I don't know about you, but I've loved quilting this project along with all of you, seeing loads of photos on Facebook and Flickr, and watching your progress through this project.
So now it's time to finish off this little quilt by soaking, blocking, and binding it. Let's see a demonstration of each step in this video:
Now even though I covered almost everything in the video, I had to leave out loads of minor details that are very important so make sure to read through this article as well!
Important tip: Before you soak your quilt, remember back to the way you marked it. If you marked your quilt with a pencil or chalk, make sure to erase all the marks first.
Next measure from the edges of the feather motifs to the edges on the opposite side (right through the middle of the quilt) and record both the horizontal and vertical measurement on a piece of paper.
Throw the quilt in the dryer and let it tumble for a bit on low. Take the quilt out when it's still damp, but not dripping wet.
Now it's entirely up to you if you want to bother with blocking your quilt or not. I prefer to block all wholecloth quilts and wall hangings simply because they finish perfectly flat and hang beautifully after this process.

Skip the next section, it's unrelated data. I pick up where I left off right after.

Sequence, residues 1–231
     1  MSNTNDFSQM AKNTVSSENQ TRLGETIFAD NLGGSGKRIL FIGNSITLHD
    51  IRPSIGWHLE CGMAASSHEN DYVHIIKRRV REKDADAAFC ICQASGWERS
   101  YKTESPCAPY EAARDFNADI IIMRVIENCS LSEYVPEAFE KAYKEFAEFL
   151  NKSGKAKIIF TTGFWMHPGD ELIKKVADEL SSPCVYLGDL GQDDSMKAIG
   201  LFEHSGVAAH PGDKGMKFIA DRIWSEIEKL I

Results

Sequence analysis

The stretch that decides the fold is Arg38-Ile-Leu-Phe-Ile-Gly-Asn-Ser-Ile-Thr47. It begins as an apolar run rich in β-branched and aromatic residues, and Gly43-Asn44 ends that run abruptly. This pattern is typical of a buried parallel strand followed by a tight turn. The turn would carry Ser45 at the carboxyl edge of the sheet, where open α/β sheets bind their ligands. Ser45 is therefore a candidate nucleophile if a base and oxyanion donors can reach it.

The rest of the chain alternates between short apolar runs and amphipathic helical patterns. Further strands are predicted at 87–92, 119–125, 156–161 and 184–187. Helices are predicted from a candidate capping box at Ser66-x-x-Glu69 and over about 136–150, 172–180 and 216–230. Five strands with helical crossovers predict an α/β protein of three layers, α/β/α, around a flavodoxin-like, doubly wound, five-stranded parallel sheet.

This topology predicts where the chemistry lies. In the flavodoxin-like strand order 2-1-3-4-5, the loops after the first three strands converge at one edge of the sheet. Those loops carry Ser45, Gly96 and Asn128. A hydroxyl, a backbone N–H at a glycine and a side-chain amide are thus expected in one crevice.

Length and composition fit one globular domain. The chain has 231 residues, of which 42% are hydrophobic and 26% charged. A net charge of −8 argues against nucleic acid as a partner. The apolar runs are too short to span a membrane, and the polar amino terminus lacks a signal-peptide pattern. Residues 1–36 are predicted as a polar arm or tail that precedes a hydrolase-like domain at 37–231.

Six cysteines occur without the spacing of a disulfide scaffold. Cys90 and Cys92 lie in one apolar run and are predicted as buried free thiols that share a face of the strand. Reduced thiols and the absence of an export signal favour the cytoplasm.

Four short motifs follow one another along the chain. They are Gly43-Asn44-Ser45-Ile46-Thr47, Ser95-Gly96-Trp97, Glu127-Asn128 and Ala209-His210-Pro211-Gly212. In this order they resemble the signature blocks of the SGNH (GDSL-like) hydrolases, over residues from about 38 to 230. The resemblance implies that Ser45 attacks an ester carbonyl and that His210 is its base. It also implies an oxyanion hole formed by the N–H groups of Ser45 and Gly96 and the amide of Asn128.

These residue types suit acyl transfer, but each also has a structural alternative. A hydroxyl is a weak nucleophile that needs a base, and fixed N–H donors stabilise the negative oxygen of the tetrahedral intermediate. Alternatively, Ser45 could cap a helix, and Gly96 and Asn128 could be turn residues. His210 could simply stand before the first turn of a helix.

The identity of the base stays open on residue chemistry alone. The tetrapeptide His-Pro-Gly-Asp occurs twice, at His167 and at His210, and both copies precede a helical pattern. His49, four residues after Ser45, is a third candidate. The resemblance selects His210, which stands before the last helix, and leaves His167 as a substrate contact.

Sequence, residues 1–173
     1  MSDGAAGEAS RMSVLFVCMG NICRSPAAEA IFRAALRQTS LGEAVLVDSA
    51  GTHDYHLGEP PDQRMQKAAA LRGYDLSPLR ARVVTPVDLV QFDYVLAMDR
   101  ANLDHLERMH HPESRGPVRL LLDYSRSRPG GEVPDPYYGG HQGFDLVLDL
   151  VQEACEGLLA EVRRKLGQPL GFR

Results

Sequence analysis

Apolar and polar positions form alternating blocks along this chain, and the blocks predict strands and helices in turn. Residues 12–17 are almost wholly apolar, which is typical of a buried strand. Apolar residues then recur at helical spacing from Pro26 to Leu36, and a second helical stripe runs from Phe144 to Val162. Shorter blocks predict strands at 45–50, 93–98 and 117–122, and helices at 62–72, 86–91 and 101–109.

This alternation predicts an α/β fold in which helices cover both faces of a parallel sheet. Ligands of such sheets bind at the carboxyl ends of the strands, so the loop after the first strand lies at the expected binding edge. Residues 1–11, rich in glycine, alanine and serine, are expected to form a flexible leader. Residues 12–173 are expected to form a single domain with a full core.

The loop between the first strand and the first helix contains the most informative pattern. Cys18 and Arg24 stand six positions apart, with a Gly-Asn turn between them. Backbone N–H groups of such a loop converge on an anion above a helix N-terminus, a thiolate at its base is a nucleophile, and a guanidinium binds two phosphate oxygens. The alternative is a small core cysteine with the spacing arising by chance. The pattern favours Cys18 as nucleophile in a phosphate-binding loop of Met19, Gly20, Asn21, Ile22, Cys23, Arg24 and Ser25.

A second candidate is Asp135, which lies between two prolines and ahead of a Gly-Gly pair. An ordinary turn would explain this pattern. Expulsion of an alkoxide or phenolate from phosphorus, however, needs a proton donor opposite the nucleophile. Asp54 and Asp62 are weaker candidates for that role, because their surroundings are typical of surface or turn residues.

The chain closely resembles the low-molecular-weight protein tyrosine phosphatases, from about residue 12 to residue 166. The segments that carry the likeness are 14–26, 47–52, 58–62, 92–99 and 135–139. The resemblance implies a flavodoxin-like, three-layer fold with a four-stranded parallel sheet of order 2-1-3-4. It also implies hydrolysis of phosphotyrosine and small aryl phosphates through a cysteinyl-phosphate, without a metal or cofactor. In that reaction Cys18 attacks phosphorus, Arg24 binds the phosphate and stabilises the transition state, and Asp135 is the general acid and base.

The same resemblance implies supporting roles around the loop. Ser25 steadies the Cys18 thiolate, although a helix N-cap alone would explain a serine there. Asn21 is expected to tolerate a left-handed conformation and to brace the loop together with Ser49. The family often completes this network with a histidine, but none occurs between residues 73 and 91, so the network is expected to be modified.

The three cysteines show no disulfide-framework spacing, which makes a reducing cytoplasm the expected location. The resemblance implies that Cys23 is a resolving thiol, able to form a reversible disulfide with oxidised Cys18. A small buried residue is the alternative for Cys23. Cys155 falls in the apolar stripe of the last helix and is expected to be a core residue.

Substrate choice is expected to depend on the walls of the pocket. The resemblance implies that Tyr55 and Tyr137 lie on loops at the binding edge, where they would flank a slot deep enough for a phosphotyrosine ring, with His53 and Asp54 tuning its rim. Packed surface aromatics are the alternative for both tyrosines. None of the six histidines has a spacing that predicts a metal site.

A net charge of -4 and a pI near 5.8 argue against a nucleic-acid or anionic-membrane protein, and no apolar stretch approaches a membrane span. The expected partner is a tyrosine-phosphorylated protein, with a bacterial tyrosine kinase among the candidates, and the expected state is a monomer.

In the video I demonstrated blocking using 1 inch elastic strips to stretch the quilt over a small folding table. With larger quilts, I use my design wall, which is 2 inch thick styrofoam insulation boards. You can watch this blocking process in the video on the duchess right here.
Once the quilt is secured, measure the horizontal and vertical distance between the motifs that you recorded before soaking. If the quilt still isn't quite to size, try stretching and pulling on one side at a time until the quilt is returned to the correct size.
Now it's time to cut the edges down for binding and to square up this quilt. Of course, if you filled a wide area around your quilt, you can square this quilt to whatever size you'd like.
In the video, I first trimmed the edges with the 1 inch mark on my ruler lined up with the edges of the corner heart motifs. After trimming this down, I noticed the quilt wasn't truly square and I trimmed another 1/4 inch off all sides.
It's better to cut in smaller amounts than whack the quilt down massively. Had I cut the quilt immediately down to 3/4" away from the motifs, I would have ended up having to trim down even more, and it's very easy to start trimming and get closer and closer to those motifs, which doesn't look good once the binding is applied.
Take your time with cutting and make sure to measure twice, cut once!
Now for the binding. This is a small quilt so the binding process won't take a ton of time, but it's definitely a step that can make or break this quilt so let's work through this step by step.